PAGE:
The one at work you shimmed up, I think grout is a more permanent fix than wedges, because they will work loose.
Been using mine like a lathe this rainy afternoon.
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It is tempting to blame others for all this, especially those in control of the system, but don’t forget that for decades you voted for people who routinely lied before elections, and told you what you wanted to hear, that you could have it all right now and to hell with the future – well, that future has now arrived. Clive Maund

Even duct tape can't fix stupid ... But it can muffle the sound.
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  #85  
Old 08-07-2017, 09:54 PM
Old Croc Old Croc is offline
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Hi Gerry and Brian,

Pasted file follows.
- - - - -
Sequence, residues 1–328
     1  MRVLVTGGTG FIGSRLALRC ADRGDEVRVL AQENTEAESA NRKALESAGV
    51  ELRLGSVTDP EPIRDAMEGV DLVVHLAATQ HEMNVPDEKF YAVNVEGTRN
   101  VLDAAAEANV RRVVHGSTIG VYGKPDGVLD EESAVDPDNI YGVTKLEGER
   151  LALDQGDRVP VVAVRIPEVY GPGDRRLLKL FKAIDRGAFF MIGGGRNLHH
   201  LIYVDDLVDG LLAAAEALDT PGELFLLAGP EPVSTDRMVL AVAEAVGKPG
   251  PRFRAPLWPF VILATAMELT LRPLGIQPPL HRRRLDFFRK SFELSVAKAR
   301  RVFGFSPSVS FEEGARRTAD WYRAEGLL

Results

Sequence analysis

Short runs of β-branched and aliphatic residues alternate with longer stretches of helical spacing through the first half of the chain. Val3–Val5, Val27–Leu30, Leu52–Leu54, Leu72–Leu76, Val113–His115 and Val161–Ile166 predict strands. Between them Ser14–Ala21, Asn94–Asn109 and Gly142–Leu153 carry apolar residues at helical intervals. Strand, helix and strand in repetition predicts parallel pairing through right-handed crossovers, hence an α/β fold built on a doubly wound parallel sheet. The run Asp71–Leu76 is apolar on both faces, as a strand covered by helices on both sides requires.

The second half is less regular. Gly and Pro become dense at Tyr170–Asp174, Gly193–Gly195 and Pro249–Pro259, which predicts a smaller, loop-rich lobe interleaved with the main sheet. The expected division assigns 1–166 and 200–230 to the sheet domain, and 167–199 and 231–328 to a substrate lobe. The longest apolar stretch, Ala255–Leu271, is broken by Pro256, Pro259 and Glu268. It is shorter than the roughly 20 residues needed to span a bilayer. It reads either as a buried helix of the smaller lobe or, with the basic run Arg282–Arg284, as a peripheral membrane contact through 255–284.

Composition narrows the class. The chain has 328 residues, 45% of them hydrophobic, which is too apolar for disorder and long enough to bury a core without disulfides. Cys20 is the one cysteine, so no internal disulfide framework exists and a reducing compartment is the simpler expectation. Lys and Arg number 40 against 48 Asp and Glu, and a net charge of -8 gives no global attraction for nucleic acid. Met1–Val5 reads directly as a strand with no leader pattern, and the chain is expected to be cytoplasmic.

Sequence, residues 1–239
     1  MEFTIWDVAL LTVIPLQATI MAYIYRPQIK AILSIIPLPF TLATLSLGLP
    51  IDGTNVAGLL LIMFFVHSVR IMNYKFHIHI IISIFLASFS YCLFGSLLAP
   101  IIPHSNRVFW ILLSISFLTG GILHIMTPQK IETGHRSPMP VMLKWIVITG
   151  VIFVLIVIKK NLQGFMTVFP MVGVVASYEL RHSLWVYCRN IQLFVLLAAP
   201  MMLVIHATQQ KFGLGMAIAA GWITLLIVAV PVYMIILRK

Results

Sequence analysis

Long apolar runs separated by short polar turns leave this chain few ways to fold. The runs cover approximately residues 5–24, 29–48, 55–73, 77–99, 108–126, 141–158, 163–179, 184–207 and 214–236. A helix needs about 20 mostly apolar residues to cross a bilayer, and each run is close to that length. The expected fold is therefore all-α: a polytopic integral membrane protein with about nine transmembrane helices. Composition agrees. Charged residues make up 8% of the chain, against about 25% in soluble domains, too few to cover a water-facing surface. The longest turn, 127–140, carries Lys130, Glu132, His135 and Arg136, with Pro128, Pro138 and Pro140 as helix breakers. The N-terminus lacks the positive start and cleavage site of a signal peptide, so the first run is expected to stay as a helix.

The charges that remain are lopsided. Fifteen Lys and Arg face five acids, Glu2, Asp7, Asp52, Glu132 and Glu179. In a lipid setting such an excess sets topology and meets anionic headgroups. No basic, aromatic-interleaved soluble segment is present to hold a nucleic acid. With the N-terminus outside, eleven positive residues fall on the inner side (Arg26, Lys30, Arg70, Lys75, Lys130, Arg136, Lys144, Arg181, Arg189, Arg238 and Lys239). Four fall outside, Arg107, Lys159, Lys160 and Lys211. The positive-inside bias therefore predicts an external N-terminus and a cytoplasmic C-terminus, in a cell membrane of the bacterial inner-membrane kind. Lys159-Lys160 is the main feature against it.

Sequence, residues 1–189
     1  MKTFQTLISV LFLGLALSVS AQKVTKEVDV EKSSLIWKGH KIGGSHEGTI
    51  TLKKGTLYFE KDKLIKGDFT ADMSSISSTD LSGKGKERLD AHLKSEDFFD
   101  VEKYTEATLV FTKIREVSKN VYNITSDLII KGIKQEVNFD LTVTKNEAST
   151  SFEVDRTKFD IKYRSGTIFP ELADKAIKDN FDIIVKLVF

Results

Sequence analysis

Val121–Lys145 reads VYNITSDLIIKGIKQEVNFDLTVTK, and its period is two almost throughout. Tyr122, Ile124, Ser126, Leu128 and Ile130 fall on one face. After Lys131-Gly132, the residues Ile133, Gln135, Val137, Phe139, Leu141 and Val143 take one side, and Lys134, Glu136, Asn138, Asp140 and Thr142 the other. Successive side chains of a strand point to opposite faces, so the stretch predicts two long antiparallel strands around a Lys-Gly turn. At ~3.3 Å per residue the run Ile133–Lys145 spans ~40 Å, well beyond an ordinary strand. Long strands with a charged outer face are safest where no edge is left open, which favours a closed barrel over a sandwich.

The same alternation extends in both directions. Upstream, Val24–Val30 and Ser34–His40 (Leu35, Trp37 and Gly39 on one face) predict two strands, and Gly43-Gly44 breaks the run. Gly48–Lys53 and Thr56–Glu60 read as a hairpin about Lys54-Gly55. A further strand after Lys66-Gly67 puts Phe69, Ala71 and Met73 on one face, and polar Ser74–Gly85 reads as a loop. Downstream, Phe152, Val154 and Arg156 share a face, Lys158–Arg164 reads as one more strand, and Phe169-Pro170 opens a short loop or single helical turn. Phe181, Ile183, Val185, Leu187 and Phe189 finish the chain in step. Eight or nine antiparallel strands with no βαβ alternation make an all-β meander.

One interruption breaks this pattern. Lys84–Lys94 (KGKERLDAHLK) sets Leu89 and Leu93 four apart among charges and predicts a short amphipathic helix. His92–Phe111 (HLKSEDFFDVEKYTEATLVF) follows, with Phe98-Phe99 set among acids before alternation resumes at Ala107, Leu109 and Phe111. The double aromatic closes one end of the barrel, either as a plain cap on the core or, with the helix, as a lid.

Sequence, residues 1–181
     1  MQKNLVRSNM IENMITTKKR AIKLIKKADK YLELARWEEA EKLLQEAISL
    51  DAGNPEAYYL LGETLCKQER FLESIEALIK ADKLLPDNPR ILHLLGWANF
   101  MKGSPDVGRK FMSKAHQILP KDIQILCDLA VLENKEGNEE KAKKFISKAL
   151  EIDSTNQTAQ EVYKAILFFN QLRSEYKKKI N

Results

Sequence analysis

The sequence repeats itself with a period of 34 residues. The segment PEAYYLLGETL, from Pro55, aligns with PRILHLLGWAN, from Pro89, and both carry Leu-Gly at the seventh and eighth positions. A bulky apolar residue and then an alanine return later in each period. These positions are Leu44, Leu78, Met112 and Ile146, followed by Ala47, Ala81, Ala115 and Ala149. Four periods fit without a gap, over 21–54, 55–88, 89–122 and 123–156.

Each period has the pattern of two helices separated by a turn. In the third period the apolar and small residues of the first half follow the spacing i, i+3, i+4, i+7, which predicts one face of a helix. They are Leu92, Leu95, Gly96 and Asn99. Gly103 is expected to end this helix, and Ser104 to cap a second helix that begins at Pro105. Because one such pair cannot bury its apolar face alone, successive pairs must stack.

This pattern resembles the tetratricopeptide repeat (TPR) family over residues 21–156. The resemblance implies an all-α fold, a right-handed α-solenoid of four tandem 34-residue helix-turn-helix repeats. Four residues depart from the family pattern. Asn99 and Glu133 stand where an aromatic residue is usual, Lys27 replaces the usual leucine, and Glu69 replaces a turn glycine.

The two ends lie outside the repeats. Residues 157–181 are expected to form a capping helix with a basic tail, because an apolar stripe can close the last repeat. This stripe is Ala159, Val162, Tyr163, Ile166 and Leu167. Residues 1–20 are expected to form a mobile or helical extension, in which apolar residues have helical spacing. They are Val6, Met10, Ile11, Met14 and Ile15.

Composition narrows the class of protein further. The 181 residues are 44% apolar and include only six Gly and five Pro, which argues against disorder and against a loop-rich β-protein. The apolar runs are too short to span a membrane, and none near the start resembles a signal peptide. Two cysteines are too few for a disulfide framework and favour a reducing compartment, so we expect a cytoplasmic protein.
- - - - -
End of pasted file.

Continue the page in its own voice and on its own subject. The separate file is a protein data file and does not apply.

Thanks for the welcome and the replys. I have been a member for a while, but rarely log on, just read and ponder. I have received some replies from other forums and several people have said to raise it 4 to 6 inches for ergonomics, on hardwood blocks and just put in the 2 front bolts to prevent any movement.
My next question is do I just shim it, as its on a concrete floor until the table is perfectly level from L to R and front to back, using my machinists level?
At 3200lbs, yours is a fair bit bigger than this one at 2240lbs.
thanks again,
Crocy in Australia.
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  #86